Rural, ITU P.1546

Calculate propagation in a rural scenario for the ITU P.1546 standard.

ITU P.1546 Standard

The ITU P.1546 standard is used for radio broadcasting propagation predictions for terrestrial services in the frequency range, 30 to 3000 MHz. It is intended for the use of tropospheric radio circuits over land, water, or mixed land-water paths up to 1000 km.

Model Type

In this rural/suburban scenario, the geometry is described by topography (elevation) and clutter (land usage such as forest, open area, residential). In the tree view, click Topography to view the topography database or Clutter/Morpho to view the land usage.

Figure 1. Topography for the rural area.

Sites and Antennas

The topography includes two sites with omnidirectional antennas. The first site is denoted “Raichberg Tower” and placed at a height of 1093 m. The second site is denoted “TV Tower Stuttgart” and placed at a height of 685 m (relative to sea level).
Tip: Click Project > Edit Project Parameter and click the Sites tab to view the sites and antennas.
The transmitter power is 1000 W, and the carrier frequency is 225.65 MHz.

Computational Method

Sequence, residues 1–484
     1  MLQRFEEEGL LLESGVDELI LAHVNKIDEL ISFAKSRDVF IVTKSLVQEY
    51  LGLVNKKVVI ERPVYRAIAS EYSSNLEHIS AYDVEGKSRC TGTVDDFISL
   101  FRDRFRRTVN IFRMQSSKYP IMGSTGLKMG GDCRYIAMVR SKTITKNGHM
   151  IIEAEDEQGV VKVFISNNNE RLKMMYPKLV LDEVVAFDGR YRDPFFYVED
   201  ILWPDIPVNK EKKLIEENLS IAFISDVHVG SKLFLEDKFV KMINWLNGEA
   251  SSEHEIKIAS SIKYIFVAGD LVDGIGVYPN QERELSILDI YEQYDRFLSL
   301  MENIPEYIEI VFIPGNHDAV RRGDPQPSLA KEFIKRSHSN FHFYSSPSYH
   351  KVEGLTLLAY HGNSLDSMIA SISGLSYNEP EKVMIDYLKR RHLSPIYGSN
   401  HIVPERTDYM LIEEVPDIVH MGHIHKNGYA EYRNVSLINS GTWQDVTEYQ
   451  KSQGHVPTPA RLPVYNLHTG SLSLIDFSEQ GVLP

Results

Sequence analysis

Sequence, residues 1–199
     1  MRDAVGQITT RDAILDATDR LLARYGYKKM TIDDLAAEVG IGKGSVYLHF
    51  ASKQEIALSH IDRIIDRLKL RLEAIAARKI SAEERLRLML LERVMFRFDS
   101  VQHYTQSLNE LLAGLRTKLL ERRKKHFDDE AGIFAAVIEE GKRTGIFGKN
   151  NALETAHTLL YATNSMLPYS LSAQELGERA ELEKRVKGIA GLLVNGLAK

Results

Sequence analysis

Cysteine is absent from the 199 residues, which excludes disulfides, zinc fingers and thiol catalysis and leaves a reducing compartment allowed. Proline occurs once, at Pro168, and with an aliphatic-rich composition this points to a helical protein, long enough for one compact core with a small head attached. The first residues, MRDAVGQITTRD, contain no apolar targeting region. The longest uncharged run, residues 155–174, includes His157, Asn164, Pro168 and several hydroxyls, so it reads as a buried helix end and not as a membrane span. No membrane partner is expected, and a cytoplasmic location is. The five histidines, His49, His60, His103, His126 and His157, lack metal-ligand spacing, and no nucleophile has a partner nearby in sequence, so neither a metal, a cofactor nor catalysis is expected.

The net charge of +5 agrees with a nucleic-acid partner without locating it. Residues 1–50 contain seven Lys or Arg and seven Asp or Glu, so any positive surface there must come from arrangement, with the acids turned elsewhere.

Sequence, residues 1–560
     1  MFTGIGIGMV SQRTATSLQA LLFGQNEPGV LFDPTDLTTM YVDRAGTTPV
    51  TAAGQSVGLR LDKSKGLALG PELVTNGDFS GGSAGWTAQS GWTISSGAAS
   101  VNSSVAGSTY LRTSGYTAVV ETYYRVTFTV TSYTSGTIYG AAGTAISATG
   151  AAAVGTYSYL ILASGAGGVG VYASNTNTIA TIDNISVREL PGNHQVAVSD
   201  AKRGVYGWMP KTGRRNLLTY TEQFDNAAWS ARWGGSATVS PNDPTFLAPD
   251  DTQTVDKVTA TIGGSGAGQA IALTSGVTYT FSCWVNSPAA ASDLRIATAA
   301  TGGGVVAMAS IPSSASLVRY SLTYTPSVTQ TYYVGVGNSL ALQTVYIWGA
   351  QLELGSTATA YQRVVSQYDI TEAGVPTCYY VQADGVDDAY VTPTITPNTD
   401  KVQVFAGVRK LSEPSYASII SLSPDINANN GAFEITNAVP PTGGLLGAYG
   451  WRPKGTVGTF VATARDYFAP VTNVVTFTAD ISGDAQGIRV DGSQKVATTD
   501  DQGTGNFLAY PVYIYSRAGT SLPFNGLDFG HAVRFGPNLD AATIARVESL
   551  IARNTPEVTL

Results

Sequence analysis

The computation uses the ITU P.1546 broadcasting propagation model. The method is based on interpolation/extrapolation from empirically derived field-strength curves as functions of distance, antenna height, frequency, and percentage time. The calculation procedure also includes corrections to account for terrain clearance and terminal clutter obstructions. Location probability refers to the spatial statistics of local ground cover variations. Time variability allows for the validation of the model for a percentage of times within the range of 0 to 50%. Special settings distinguish between urban, non-urban, and sea areas.

In addition, the knife edge diffraction model provides an efficient extension for the coverage prediction beyond the line of sight.

Tip: Click Project > Edit Project Parameter and click the Computation tab to change the model.


Results are computed for each transmitter at a prediction plane of 1.5 m. Propagation results in this project include power coverage of each transmitting antenna (that is the power which a hypothetical isotropic receiving antenna would receive) and the minimum number of interactions for both sites. As an example, the minimum number of interactions to reach any point for the “TV Tower Stuttgart” are as shown in Figure 2.

Figure 2. Minimum number of interactions required to reach any point for the “TV Tower Stuttgart”.